Tuesday, February 16, 2016

Bus Stop

One tube fed saline into my right hand and another fed O2 into my nose. My shirt was missing, so were my shoes. My neck was bandaged and it hurt like hell. Aw dammit!

I remembered two things: the flash as his tiny pistol fired and the burn as the bullet passed through my neck. Dammit!

A tweed cloud eclipsed the overhead lighting. Must be Detective Sergeant Linihan, Irish tweed even in 90 degree weather.

“My, my, what has happened to my favorite nosey PI?”

“Fuck off, Linihan, unless you brought flowers,” I said in a sandpaper voice.

“I’ll go get some in a minute.”

“Bastard shot me for no reason.”

“They said you were brought in around 10 AM with a gunshot wound to your neck. The bullet entered your neck in the front about an inch from the side and exited at the back, passing under your carotid artery. Sounds like the artery dodges better than you do.”

“Real funny.”

“If that bullet had done its job, idiot, you and I wouldn’t be talking now. You’re stable, in no danger. Best case, you’ll be out of here in a couple days. So, who shot you, Sammy?”

“Street name Jimmi,” I said. “I was in Mickey’s pawnshop to get some papers notarized when Jimmi came in to do his shoplifting thing. We’ve clashed before. Must’ve thought I was there after him and he panicked.”

“Where can I find him?”

“Other than somewhere around Mickey’s, I dunno.” But I had an idea where I might find him.

“We’ll talk later. You be ok?”

“Up and around before you know it, Stew.”

No one was around; an emergency case down the hall was attracting all the attention. I settled back and fantasized on nasty ways to get even with Jimmi.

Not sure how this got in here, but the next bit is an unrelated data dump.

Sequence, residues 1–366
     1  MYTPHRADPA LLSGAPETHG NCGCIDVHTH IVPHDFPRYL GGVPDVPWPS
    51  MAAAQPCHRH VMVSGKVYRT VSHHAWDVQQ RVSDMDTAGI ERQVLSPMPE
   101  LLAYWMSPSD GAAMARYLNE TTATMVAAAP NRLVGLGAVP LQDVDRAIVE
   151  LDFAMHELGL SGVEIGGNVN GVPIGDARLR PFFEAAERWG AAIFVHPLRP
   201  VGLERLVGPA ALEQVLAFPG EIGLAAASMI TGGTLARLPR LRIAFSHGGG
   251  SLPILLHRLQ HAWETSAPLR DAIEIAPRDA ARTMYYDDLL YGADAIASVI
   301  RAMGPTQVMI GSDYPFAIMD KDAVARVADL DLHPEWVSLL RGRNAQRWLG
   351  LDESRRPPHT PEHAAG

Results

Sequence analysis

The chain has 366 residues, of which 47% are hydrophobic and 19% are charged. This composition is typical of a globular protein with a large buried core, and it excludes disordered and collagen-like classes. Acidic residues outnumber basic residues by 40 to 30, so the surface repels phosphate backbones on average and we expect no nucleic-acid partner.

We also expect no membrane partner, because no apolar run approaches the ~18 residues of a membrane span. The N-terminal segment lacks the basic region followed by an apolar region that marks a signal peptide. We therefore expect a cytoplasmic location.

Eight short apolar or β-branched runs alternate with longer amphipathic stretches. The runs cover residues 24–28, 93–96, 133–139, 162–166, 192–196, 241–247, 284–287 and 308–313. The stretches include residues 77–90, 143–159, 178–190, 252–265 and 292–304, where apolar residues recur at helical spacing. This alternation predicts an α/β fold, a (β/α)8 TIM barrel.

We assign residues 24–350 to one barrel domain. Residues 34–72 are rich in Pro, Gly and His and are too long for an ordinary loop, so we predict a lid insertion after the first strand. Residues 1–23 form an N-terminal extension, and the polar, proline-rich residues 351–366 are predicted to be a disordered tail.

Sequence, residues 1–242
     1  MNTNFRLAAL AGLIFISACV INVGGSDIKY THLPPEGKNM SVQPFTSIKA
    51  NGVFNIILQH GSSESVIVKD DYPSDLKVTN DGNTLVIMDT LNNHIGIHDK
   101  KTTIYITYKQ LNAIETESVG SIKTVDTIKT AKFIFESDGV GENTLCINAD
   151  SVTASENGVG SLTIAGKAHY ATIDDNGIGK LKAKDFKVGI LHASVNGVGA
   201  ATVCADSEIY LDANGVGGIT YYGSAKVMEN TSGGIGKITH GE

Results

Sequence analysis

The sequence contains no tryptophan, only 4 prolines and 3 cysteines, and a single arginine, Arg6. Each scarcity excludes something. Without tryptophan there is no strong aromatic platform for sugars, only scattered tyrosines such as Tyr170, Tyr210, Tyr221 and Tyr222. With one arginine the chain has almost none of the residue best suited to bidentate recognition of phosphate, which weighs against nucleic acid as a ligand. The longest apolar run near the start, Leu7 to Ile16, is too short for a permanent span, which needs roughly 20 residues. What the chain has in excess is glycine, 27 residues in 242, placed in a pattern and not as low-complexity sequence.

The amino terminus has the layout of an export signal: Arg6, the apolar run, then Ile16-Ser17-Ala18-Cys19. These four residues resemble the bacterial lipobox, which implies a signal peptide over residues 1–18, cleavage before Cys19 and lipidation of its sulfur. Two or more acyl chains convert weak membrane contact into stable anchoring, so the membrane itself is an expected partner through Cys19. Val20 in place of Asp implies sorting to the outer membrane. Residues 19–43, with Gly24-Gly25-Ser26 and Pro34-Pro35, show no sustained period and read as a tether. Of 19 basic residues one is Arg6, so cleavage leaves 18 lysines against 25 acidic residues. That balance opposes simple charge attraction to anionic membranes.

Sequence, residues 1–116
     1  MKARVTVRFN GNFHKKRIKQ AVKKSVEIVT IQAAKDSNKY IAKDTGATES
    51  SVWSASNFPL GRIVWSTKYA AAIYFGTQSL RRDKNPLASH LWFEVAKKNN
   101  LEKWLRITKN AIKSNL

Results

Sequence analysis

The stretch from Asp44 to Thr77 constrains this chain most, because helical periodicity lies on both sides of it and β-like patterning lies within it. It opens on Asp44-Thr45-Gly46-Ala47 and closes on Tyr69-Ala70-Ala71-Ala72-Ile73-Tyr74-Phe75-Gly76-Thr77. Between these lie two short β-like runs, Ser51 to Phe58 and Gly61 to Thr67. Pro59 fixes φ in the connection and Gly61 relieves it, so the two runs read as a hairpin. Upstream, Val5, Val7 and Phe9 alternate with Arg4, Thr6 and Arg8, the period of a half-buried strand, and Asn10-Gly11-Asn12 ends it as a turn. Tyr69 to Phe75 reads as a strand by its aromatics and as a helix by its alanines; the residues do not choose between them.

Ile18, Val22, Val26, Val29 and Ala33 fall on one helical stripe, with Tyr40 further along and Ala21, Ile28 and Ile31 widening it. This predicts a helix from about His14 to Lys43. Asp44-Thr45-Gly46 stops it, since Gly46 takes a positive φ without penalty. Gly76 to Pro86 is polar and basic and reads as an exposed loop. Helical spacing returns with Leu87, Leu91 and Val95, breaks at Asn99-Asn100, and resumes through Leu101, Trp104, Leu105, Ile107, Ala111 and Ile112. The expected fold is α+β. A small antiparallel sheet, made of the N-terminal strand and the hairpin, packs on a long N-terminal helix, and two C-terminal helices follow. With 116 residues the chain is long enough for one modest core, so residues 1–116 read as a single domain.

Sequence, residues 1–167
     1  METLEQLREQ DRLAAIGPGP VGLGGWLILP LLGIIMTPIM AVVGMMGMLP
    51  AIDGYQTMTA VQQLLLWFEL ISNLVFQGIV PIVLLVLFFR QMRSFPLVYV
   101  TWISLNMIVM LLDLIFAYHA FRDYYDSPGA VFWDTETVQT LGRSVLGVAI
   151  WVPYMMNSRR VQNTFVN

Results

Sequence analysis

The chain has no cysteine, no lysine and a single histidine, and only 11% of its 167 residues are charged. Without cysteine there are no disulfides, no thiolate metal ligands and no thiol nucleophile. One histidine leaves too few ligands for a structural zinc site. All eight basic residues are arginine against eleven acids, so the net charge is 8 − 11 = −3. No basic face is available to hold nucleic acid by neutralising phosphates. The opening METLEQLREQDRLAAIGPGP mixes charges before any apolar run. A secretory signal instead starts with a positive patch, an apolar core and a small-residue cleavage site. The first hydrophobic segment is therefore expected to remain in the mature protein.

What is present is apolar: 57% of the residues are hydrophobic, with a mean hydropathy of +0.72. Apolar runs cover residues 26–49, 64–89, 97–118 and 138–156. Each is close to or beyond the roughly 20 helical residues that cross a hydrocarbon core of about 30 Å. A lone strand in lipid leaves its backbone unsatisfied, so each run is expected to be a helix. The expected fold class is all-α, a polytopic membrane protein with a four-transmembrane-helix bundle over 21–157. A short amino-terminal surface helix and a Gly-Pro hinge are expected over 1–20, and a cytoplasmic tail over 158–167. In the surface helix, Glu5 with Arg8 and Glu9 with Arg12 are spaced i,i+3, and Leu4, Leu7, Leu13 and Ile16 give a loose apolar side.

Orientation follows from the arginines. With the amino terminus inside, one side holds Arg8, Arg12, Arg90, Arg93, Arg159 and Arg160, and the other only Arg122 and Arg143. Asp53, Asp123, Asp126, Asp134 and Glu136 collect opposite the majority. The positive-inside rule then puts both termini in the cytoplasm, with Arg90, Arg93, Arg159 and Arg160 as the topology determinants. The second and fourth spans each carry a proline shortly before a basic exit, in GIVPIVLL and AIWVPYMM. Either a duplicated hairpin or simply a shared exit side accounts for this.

I sat up to look for a blanket that was warmer than my sheet. Nothing, just white tile and antiseptic everything. A mirror was screwed to the wall; let’s go see what I look like.

I swung my legs over the side of the gurney. The meds made the room spin for a second. I grabbed the IV hat-stand and shuffled to the mirror. White bandages around my neck like a formal collar, swollen like the mumps, only lower. A little bruise starting to show and maybe a black eye later. I’d had worse in the Army, minus the gunshot.

I found a summer weight cotton blanket in a cabinet, white with blue highlights, and wrapped it around my shoulders. I removed the oxygen hose and placed it on the gurney and went to the door of my room. I needed a real bathroom, not the pee bottle.

The ER was a U shape with treatment rooms along the U and a nurse’s station in the middle. At the far right end, closer to the ambulance dock, I could see Intensive Care. Apparently, the crisis that had made all the commotion was over. Me and my hat stand shuffled quietly down the hall to get a better look. PI’s are excessively curious.

It looked like the ER medical staff was elsewhere. Some guy was still on the big ER table, hooked up, plugged in and bandaged, but the big round overhead light and all the monitors were off, and no one was attending to him.

Cancel Christmas, this guy was cooling to room temperature.

I shuffled closer. Under all the medical ornaments, I recognized this guy.

I bent over to examine the end result of a bad accident. His head was smashed and dried blood was everywhere.

“Hello, Jimmi. Stop a bus?”

Jimmi had been whacked pretty hard. I tried to feel sorry for him, but I couldn’t. He was an aggressive street beggar and was several genes short of human. And, remember, he had just tried to kill me.

“Sorry I wasn’t here earlier, Jimmi. I’d liked to have stood on your oxygen hose for a while. Well, timing is everything, isn’t it?”

“What are you doing here? Get back to your room so I can prep you for the CT.”

“Never mind the wheelchair, nurse; I’m feeling better already.”